Once you finish reading them, their primary purpose of expressing a greeting is fulfilled. Keep only those that spark joy. Organize them with sentimental items if there are too many.

7. Warranties

Keep them in a single, well-organized file; don’t subdivide them because that will just lead to accumulation. They are only used once a year, so there’s no need to waste space on many files, plus you can check which ones are expired when you look for the one you need. Keep the receipt and warranty together.

8. Here are some questions to guide you through this joy check process if you find it challenging to make a choice:

a) When do you need this?

b) How long have you had it?

c) How often do you go back and look at it?

d) Can you find the same content on internet?

e) Have you already saved it on your computer?

f) How much a problem would it be if you didn’t have this?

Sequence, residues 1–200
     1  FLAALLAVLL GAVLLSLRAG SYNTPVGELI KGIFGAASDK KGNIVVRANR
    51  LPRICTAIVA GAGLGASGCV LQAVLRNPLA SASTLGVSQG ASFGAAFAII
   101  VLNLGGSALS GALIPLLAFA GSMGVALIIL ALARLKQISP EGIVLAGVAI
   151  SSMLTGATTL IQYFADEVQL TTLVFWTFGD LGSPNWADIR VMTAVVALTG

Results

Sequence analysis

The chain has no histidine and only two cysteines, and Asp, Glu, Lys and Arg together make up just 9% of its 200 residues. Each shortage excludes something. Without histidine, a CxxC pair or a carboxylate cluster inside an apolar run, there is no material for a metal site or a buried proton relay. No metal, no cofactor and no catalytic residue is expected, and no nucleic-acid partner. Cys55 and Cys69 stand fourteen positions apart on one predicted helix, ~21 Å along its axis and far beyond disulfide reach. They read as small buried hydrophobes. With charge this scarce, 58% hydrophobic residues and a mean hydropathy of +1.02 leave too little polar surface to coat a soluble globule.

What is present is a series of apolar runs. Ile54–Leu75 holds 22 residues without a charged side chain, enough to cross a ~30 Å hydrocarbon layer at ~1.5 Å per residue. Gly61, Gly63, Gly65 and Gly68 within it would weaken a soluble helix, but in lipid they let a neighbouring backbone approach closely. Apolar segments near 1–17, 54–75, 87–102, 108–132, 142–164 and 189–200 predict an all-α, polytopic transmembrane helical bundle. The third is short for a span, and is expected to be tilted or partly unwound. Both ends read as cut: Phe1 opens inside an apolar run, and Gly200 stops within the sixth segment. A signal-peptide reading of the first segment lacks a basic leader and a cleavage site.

g) Does it really spark joy?

9. Burn or shred the document if you are afraid to just toss it away due to the information it contains. Although not the best choice for the environment, burning the papers that stood for something significant to us or a difficult time in our lives may be quite cathartic. It might stand for the ultimate release, providing closure and inspiration for a fresh beginning.

10. Thank the papers that you have let go – this is the final and important aspect of joy checking. They are an incredibly helpful tool that helped you when you needed them. If you don’t get a chance to say “thank you” to each paper before throwing it away, give the whole box a big embrace instead.

Step 4. Storing and organizing your papers